In an actual emergency, the Commission’s Rules provide that an amateur station may use any
means of radiocommunication at its disposal to provide essential communication needs in connection

with the immediate safety of human life and the immediate protection of property when normal
communication systems are not available.5 In those circumstances, rule waiver is not necessary.

For further information regarding matters discussed in this Public Notice, contact William T.
Cross of the Wireless Telecommunications Bureau, Mobility Division, at (202) 418-0680,
William.Cross@fcc.gov.

By the Chief, Wireless Telecommunications Bureau; Chief, Public Safety and Homeland Security
Bureau; and Chief, Enforcement Bureau.

1 See 47 C.F.R. § 97.1(a). See also Recommendations of the Independent Panel Reviewing the Impact of Hurricane
Katrina on Communications Networks, Order, EB Docket No. 06-119; WC Docket No. 06-63, 22 FCC Rcd 10541,
10576 ¶ 111 (2007) (noting that the amateur radio community played an important role in the aftermath of Hurricane
Katrina and other disasters).
2 See 47 C.F.R. § 97.3(a)(4).
3 See 47 C.F.R. § 97.113(a)(3) (emphasis added).
4 See 47 C.F.R. § 1.925.

-FCC-

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ARRL Speaks on Paid Employee Emcomm

A few days ago the ARRL released a position paper on Paid Employee Emcomm which supports the present interpretation that the rules as they are do not legally provide for Paid Employee Emcomm outside of during an actual emergency, and even then with caveats. Even if “off the clock” the FCC has said you cannot operate if it benefits your employer:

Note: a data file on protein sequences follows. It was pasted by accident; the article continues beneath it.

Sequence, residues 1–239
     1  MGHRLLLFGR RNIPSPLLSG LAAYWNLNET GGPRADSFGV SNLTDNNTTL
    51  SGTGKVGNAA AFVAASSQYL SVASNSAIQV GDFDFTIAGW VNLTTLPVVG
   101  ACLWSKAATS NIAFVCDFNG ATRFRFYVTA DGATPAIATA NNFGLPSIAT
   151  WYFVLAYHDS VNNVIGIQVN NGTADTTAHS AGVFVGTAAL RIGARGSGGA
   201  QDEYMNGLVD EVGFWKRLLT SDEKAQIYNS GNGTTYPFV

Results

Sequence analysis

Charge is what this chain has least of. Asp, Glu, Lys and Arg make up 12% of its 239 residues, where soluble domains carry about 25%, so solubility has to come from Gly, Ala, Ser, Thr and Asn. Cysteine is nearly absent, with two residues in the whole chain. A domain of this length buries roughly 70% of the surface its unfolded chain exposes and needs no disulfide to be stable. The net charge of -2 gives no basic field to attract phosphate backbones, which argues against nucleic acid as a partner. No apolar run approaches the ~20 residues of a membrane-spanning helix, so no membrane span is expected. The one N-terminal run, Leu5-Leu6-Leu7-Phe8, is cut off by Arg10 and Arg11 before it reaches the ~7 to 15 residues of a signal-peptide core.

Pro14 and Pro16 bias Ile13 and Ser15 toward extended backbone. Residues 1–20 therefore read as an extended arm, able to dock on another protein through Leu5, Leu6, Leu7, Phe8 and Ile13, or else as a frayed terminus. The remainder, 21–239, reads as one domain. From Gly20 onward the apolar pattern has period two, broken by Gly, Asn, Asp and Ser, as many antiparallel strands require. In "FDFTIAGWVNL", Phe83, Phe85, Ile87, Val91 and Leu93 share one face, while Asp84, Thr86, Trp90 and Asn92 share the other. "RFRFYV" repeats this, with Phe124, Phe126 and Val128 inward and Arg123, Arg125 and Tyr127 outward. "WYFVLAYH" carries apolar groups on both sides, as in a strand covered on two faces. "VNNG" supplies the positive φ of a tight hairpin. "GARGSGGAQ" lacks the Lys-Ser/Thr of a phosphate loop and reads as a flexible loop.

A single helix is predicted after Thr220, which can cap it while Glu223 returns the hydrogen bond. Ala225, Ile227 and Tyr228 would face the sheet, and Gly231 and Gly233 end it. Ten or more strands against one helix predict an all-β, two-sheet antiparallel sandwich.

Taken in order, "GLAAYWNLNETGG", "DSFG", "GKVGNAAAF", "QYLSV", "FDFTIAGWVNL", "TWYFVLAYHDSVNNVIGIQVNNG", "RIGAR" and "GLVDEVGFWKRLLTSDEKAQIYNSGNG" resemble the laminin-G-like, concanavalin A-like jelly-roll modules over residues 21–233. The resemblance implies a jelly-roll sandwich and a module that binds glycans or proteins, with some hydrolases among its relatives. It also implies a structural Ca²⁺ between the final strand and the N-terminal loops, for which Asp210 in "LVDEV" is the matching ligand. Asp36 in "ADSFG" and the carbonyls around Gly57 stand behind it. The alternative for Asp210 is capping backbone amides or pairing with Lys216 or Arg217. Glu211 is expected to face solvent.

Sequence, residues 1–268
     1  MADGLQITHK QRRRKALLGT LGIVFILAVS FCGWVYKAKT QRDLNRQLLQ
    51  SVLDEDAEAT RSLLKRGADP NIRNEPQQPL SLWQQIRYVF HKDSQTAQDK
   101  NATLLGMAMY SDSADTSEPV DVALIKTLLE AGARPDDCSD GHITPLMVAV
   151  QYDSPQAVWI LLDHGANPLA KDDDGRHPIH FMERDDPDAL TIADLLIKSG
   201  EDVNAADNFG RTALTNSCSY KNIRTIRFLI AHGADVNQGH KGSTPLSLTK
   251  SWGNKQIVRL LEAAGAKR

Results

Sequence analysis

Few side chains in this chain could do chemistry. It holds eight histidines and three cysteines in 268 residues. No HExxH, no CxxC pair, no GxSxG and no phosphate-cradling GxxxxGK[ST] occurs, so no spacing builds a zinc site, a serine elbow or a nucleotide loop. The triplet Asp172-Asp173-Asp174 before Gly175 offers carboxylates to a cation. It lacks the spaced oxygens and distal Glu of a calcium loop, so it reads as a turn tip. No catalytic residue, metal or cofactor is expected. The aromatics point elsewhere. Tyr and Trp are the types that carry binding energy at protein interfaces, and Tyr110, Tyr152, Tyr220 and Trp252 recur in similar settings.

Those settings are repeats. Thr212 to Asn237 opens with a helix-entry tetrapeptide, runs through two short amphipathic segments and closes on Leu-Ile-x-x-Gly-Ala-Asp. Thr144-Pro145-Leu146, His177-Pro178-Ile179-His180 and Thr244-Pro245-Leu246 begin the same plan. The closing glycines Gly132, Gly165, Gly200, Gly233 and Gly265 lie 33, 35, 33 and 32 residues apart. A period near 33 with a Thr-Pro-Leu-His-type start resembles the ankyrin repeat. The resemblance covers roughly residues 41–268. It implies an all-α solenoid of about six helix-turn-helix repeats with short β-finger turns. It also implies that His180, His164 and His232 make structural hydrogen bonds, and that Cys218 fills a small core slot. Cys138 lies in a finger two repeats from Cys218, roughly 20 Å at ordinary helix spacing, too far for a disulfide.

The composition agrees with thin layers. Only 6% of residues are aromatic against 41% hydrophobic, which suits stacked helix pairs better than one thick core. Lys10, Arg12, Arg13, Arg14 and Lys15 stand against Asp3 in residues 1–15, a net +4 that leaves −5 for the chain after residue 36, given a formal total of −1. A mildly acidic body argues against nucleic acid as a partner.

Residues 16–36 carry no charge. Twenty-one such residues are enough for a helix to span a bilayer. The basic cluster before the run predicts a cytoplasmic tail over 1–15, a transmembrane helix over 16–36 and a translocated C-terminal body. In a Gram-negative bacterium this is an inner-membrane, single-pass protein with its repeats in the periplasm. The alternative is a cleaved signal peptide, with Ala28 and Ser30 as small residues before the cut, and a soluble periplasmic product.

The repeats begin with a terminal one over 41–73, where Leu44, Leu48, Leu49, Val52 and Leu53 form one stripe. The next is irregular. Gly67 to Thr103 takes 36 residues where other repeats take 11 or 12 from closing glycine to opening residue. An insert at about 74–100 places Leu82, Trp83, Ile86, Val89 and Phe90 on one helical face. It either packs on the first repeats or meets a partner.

The ARRL release reads:

Page 1
Commercialization of Amateur Radio: The Rules, The Risks, The Issues
Introduction
From its founding in 1914 to the present day, the American Radio Relay League has fostered Amateur Radio public service and emergency communications activities. The League encourages organizations engaged in disaster relief to make appropriate use of Amateur Radio. Further, the League welcomes new, public-service minded licensees from all occupational and professional backgrounds.
The ARRL believes that the Amateur Radio Service and our emergency communications activities flourish best in an atmosphere of respect for and compliance with the FCC‟s Rules. These Rules provide for more flexibility than is typical of other radio services. They guide our operations and assist us in protecting the spectrum allocated to the Amateur Radio Service from encroachment by commercial interests.
This document is not intended to discourage anyone from becoming an Amateur or to discourage any organization from promoting an interest in Amateur Radio among its employees and volunteers. Nor does it signal any change in the League‟s long-standing devotion to public service and emergency communications. Its objective is to educate both Amateurs and the organizations we serve about what is permitted under the FCC‟s current Rules and to assist Amateurs in making reasoned decisions about the appropriateness of services we may offer to organizations in our communities.
Background